NEWS COMMENTARY: ADDRESSING SECURITY CONCERNS IN GHANA SHOULD BE PROACTIVE AND NOT REACTIVE.
The gruesome murder of MP for Mfantseman, Ekow Quansah Hayford has once again opened discussions on providing armed police guards to Members of Parliament to ensure their safety. Although it may guarantee some safety for the MPs, the proposal can be described as unscientific and not sustainable. Besides, it does not in any way solve the wider issue of insecurity in the country. In fact, criminals are able to successfully target bullion vans carrying cash with armed police escorts and also stage broad daylight attacks against police personnel. This clearly means that the issue of protecting MPs and for that matter citizens of Ghana, requires a broader contextual approach and an analytical insight into why criminals are becoming more vicious and brazen by the day. Statistics from the Ghana Police Service has it that, crime is on the increase in Ghana. Also, in a recent US Department of State travel advisory report on Ghana, it is stated that crime is on the upsurge in the country.
In fact, the report points out that, there are more than 1.2 million illegal firearms in the country resulting in an average of 500 murders annually. It emphasizes that local authorities lack the capacity to confront the threat, and this is a rather worrying situation. Putting these into perspective, dealing with the state of high-profile killings in the country requires a multi-dimensional strategy. It is rather an incontrovertible fact that we have failed to fight modernized crime and investigation in Ghana over the years. We have constricted efficient security management to the procurement and donation of vehicles. But failed woefully in investing in situational crime prevention; deterring crime by making strategic changes to an environment hence, making crime unprofitable. One of the ways this is possible is by investing in crime and investigation. Let us integrate the various biometric databases; passport office, National Identification Authority, SSNIT, among others. Information treasure trove must be made available to law enforcement. Officers who are usually first respondents of the crime scenes must be trained well enough to protect the integrity of the crime scenes, and be able to harvest fingerprints and DNA there to be ran through the database. There should be more investment into DNA technology whiles crime labs are established in every Regional capital of the country. When criminals know there is a higher probability that they would be caught when they violate the law, they will refrain from the practice. This is simply a theory in criminology called “rational choice”.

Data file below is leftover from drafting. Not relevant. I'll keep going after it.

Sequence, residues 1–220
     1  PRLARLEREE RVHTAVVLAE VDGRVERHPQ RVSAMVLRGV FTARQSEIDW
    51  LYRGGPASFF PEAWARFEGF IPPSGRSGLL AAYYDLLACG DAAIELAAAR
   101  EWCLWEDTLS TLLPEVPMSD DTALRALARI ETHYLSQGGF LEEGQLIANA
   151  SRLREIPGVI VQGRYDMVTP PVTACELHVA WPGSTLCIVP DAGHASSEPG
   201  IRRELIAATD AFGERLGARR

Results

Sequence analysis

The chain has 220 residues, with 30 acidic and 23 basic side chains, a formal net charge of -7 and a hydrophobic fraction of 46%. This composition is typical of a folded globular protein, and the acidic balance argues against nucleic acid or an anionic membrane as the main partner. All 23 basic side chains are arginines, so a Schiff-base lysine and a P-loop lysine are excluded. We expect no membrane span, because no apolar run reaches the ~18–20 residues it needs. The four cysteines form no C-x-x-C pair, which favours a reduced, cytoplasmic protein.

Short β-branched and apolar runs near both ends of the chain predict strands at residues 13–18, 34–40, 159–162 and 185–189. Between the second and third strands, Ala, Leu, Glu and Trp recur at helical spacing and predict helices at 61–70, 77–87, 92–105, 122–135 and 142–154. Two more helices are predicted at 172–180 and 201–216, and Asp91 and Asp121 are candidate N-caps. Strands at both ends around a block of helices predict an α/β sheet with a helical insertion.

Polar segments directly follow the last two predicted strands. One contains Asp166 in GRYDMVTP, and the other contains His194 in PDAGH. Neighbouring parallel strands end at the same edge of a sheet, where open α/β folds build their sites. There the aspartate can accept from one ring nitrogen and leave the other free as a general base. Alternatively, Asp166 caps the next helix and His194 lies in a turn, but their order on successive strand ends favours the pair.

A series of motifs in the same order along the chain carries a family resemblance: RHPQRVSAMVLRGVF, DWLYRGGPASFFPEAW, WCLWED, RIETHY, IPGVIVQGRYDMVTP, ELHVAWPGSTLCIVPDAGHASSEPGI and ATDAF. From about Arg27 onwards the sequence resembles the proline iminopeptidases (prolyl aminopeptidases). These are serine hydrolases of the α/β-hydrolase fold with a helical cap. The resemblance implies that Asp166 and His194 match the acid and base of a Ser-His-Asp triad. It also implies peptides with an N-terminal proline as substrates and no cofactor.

Mostly, cases sent to court are not water tight enough but based on circumstances because of the lack of empirical evidence. As a result, dangerous criminals are sometimes acquitted, and this must not continue. To scale-up Ghana’s security management systems, there is also the need for awareness creation on the need for Ghanaians to exercise great deal of discretion in ensuring they are safe at the personal and community levels. It is important and very critical that our MP’s undergo regular security audits, and this should include the provision of surveillance systems. Unfortunately, a lot more do not see the need because they feel very confident in the “love” their constituents have for them. Ghanaians are generally not security conscious. We tend to be reactive rather than proactive to security issues. Most of us start investing in security after we have fallen victim to crime. We use the same route home from work even during late hours. We do not double check to ensure our doors are locked at night. We do not pay attention to unusual happenings in our communities. But we must! We ought to put an end to the irresponsibly exposure of ourselves and our families to criminals online. Security is a necessity for our Members of Parliament, but it is even more critical for everyone in Ghana to feel safe. As a people we have the gigantic task and role to play in safeguarding ourselves and our communities from violent crimes. Remember, Vigilance is key!
BY: ADIB SAANI, SECURITY ANALYST AND EXECUTIVE DIRECTOR, JATIKAY CENTRE FOR HUMAN SECURITY AND PEACE BUILDING.